marketing productivity metric
Apparently the new-ish head of the technology company’s PC division, Todd Bradley, has orchestrated a turnaround for the business, increasing market share 4.3 ppts and producing profit margins of 5.5% (which is huge for PCs.) One of the tactics Bradley has used is a metric called “R&D productivity.” The article explains: It measures R&D spending as a percentage of gross margin for each product line. A standard desktop computer with low margins may get one or two innovative features, while a high-end laptop with fat margins would get enough flash to make it stand out. To determine the appropriate R&D level, HP does three-year projections of expected gross margins.
This metric is credited with helping the division strike the right balance between innovation and price, with the success of HP’s new TouchSmart PC (the first touchscreen, all-in-one desktop) as an example.
So, my idea is a “marketing productivity” metric — that is, a way of determining the appropriate amount of marketing spend based on 3-year projections of expected gross margins. This would mean those products that are likely to produce the most margin would be allocated the most marketing dollars; and low-margin products would get fewer dollars.
On the one hand this approach would limit the common marketing practice of heavily promoting “loss leaders” in order to attract people to your brand, with the hopes of eventually trading them up when it comes time for them to actually make a purchase.
And in some cases, budgeting your marketing dollars according to margin projections would be a self-fulfilling prophecy — after all, how much you spend on marketing should affect the margins you generate. But your 3-year projections could be made based on normative data, thereby removing the effect of spend.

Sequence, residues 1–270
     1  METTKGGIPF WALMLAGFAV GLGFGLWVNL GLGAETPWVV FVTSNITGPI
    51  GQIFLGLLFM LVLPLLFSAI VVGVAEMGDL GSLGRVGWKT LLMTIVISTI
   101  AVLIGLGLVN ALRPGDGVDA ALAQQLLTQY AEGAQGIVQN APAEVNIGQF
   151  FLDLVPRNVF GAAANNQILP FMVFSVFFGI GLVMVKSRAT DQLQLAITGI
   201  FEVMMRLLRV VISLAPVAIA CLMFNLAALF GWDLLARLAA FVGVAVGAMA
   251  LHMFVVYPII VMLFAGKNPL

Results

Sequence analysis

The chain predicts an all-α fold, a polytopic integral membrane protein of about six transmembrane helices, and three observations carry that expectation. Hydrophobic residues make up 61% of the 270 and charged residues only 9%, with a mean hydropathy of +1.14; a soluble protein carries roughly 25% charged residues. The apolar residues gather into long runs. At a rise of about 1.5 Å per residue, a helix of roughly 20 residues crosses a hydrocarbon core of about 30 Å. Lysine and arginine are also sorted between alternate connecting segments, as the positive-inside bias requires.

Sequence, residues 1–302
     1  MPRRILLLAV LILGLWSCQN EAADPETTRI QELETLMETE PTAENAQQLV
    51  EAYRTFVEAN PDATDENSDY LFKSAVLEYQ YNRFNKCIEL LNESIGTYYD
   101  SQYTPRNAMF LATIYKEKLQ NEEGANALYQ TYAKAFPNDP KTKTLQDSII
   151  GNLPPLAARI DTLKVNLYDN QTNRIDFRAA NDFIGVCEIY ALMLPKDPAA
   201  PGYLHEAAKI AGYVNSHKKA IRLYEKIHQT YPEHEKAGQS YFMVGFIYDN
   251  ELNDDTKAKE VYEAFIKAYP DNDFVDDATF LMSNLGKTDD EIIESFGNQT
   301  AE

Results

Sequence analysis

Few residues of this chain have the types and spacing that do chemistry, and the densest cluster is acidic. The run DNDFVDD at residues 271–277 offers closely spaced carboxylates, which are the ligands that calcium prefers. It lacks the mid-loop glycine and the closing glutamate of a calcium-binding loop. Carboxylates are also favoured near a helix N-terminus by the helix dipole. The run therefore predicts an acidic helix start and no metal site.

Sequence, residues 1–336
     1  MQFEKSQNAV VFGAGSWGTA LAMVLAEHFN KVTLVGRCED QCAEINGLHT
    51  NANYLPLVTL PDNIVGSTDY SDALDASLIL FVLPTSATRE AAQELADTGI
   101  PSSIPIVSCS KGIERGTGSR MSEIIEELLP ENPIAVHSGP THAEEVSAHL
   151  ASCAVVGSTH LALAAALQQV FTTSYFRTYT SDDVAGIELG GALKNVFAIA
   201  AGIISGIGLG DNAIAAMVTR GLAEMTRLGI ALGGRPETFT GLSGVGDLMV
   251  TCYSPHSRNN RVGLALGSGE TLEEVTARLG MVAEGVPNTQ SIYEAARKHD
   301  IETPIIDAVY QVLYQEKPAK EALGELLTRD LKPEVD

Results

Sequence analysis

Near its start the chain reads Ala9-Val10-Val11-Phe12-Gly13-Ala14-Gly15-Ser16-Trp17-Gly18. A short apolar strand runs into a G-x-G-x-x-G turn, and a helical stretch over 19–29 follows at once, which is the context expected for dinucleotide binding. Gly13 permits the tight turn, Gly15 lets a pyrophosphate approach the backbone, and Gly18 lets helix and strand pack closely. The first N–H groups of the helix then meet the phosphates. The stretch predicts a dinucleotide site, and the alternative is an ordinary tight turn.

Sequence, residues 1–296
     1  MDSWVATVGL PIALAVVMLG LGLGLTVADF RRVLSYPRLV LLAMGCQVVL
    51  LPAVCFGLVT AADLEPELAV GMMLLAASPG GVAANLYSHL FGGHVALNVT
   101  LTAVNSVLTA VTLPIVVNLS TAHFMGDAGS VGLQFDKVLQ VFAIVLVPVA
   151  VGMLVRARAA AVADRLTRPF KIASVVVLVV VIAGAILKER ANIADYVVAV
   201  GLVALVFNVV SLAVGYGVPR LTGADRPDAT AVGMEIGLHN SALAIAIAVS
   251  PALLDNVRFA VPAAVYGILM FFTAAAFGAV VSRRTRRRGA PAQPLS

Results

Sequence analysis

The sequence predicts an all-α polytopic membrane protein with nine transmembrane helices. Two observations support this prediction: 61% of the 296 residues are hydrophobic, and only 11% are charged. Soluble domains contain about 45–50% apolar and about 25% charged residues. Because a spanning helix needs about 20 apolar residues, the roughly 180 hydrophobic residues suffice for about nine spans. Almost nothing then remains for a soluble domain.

In doing so, applying a “marketing productivity” metric could be a worthwhile approach. It would take some of the subjectivity out of marketing budget allocation process, thus assuaging the concerns controllers often have about what seem to be random marketing decisions. And I would think it would improve marketing ROI (we spent more money and we made more money, assuming the projections were correct) — again something that’s sure to please company leaders.
But perhaps the biggest benefit of utilizing such a metric could be the integration of product development and marketing. That is, product development decisions could be made simultaneously with marketing decisions — e.g., do we think we can promote these additional features well enough to produce the incremental margin we need in order to include them in the product? or are they simply add-ons that don’t really make a difference to the customer?
In this way such integration would strengthen the company’s discipline of customer intimacy. Products would be developed with their relevance to customer needs and wants in mind from the start — vs. the more common approach of engineers and designers creating products based on technological or operational capabilities and then throwing them “over the fence” to the marketing department to figure out how to make them meaningful to customers (cartoon compliments of Tom Fishburne — check out my post on his book!)
What do you think? Do you think implementing a “marketing productivity” metric makes sense? I’m eager to hear your thoughts on pros and cons.